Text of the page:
Episode 52

52 - Gender Dysphoria & Detransition Research: A Conversation W/ Dr. Lisa Littman

Published on: 3rd December, 2021

Dr. Lisa Littman coined Rapid Onset Gender Dysphoria (ROGD) in her seminal 2018 parental report survey. ROGD is a descriptive term for the phenomenon of young people suddenly announcing a transgender identity and experiencing gender dysphoria for the first time around adolescence. Dr. Littman’s latest ground-breaking study on the experience of 100 detransitioners was published in the last few weeks and we reflect on some of the most astonishing findings. In this conversation, Lisa also reflects on what she’s learned since getting embroiled in a controversy she wasn’t expecting. She shares some possible reasons why the topic of affirmative medical care has become so polarized. Lisa points out that patients get hurt when clinicians pledge an allegiance to a particular approach rather than prioritizing the well-being of dysphoric people.


Dr. Littman’s Website:


Interview in Quillette: Quillette.com/2019/03/19/an-interview-with-lisa-littman-who-coined-the-term-rapid-onset-gender-dysphoria

Extended Notes:

  • Why has Dr. Lisa’s study on detransitioners received so much controversy? Dr. Lisa shares how she now feels about this.
  • There are a lot of ways to support people who are transgender but fast-tracking access to hormones in an effort to support transgender people, regardless if it’s more beneficial, is transphobic.
  • Dr. Lisa shares a bit about her background and what led her to the detransitioner’s study.
  • There are parents who believe transition will help their children and there are parents who don’t. We need to understand that they just want to help their children and there are multiple ways to do that.
  • Dr. Lisa shares further how her study was not accepted. She recruited respondents on social media where they orchestrated an event that undermined her data.
  • Dr. Lisa defines further what detransitioning means as this area of research is still early.
  • Affirmative model vs. exploratory model. The latter tries to understand why you are gender dysphoric whereas the former immediately concludes that you should transition.
  • Mental health conditions don’t have a targeted fix.
  • Psychosocial factors could contribute to the development of gender dysphoria.
  • Dr. Lisa also shares the effects of social influence such as pressure from a person, a group of people, or society on the interpretation of one’s own feelings. Can this lead to a misdiagnosis?
  • There are a variety of ways people can live their lives and they cannot solely be defined by rigid gender roles and stereotypes.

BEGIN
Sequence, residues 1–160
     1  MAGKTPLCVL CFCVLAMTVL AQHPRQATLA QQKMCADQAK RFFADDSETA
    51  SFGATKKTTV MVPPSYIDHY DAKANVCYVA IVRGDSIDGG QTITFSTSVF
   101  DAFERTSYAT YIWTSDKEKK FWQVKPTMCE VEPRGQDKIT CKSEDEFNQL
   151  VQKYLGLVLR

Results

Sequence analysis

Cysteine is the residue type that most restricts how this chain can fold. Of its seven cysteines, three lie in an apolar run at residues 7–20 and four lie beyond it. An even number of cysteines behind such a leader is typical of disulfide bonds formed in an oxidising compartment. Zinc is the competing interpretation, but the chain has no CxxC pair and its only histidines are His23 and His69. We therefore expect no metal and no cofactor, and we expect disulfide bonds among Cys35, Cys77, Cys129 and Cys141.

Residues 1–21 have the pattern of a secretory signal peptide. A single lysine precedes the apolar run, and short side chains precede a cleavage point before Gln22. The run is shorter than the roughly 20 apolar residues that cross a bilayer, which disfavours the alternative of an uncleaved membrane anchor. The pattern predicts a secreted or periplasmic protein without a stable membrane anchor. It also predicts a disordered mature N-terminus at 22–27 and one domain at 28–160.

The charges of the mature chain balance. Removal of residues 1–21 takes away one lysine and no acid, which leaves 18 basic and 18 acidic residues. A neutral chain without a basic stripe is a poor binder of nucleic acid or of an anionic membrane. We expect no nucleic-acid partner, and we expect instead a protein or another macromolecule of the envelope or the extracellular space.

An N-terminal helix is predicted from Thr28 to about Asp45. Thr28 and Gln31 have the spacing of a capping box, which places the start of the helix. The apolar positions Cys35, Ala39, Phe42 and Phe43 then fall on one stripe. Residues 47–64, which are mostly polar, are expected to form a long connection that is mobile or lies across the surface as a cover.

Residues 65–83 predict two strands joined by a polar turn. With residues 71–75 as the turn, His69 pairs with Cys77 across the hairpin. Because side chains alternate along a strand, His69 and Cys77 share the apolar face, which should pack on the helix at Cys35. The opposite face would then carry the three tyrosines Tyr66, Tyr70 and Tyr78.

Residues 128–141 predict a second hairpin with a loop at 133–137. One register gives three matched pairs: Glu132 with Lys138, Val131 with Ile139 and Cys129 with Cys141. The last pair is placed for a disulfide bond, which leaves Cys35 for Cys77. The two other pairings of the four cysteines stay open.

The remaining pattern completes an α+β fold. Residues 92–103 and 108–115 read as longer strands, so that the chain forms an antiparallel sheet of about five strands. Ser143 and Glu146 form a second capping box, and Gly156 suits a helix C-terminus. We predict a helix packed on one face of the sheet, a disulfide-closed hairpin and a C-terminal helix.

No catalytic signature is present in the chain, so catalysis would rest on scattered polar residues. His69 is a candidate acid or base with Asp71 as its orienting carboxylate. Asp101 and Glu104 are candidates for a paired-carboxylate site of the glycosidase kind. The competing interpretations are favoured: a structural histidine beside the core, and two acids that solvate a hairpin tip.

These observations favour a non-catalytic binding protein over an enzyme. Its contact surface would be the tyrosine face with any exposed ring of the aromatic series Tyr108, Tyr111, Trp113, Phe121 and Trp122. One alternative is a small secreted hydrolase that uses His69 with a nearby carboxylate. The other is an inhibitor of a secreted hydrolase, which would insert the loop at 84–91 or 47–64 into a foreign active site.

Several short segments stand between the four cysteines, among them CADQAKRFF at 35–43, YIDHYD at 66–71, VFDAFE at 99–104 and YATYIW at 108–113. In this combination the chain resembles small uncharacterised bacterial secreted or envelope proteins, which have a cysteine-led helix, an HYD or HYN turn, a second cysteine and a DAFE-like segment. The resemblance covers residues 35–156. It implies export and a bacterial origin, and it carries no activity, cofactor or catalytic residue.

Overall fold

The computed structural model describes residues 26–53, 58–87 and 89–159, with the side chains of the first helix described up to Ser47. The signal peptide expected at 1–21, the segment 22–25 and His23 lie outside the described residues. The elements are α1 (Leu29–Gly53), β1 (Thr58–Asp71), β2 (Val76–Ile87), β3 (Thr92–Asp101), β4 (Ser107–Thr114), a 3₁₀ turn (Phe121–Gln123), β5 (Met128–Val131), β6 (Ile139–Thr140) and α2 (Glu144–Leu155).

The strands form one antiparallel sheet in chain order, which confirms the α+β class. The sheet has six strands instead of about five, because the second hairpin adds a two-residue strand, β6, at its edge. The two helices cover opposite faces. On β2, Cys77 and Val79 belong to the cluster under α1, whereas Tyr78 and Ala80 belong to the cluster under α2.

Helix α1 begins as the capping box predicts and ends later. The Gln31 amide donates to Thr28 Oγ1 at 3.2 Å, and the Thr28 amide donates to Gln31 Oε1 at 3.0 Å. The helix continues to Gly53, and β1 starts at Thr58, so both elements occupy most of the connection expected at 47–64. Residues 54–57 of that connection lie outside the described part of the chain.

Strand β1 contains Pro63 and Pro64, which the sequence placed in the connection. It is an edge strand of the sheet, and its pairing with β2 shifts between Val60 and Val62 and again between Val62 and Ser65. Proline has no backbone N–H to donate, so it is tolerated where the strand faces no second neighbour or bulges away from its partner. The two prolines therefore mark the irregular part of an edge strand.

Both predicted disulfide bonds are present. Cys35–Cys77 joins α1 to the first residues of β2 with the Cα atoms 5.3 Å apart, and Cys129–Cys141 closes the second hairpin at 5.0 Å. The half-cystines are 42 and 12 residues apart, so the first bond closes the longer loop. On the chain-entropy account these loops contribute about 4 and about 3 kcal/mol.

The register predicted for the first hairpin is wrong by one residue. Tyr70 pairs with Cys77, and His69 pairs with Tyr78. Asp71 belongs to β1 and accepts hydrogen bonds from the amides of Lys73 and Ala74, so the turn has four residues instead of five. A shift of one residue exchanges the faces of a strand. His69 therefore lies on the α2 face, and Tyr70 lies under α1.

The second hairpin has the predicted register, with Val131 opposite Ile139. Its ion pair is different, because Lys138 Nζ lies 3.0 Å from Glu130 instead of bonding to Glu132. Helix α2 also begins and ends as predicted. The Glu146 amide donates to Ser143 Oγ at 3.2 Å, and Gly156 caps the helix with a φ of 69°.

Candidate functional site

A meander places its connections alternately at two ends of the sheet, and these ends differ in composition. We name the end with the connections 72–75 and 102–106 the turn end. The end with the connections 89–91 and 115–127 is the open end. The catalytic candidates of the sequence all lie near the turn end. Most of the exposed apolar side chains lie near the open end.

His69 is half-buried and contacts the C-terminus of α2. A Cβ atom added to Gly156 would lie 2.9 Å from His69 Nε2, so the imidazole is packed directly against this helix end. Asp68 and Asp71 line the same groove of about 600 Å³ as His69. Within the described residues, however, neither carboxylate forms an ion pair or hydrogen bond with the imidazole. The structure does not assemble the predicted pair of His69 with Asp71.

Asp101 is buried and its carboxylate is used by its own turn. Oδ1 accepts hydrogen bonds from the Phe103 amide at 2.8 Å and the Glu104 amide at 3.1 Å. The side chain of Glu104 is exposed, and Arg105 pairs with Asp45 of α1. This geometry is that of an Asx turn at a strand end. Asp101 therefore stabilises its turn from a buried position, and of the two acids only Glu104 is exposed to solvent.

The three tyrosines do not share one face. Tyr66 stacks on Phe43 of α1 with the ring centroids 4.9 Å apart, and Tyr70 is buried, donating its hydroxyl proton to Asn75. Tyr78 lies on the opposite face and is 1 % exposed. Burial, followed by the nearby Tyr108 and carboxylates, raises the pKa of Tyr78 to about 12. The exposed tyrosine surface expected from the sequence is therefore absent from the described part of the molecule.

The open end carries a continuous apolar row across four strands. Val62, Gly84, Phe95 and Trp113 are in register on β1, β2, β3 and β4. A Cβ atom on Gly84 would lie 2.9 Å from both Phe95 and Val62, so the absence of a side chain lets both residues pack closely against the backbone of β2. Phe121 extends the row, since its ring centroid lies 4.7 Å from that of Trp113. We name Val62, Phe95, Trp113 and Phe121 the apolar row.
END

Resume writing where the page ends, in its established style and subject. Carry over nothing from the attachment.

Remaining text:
• Language can be very powerful and if it was used in a way that doesn’t confine people’s feelings to a specific label, it wouldn’t create such a problem.
  • Where are the differences between male and female detransitions? Dr. Lisa explains further.
  • Stella concurs that if a detransition was because the person was more comfortable with their biological sex, this could have been avoided through a proper approach during therapy.
  • Exploring discomfort around sexual orientation would be a great place for trans therapists to help their patients.

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About the Podcast

Gender: A Wider Lens Podcast
Two therapists explore the expanding concept of "gender" from a psychological depth perspective.
Gender dysphoria has become a minefield for public discussion, with many afraid to express their views or question the narrative. Our mission is to examine this important and complex topic from a range of perspectives, but always through a psychological lens. By openly considering and examining gender identity, transition, and the transgender umbrella, we hope to give all interested parties permission to engage these fascinating topics with less fear and more honesty. Interviews and discussions will involve clinicians, medical professionals, academics, transgender people, parents, detransitioners and other interesting individuals whose lives have been touched by the concept of gender.

Conversations between two practicing therapists give listeners an opportunity to contemplate gender from a depth perspective not currently taken up in most of today’s accessible debates. As a result of their work with gender dysphoric therapy clients as well as their personal divergent experiences with gender, Stella and Sasha hold a refreshing and informed perspective.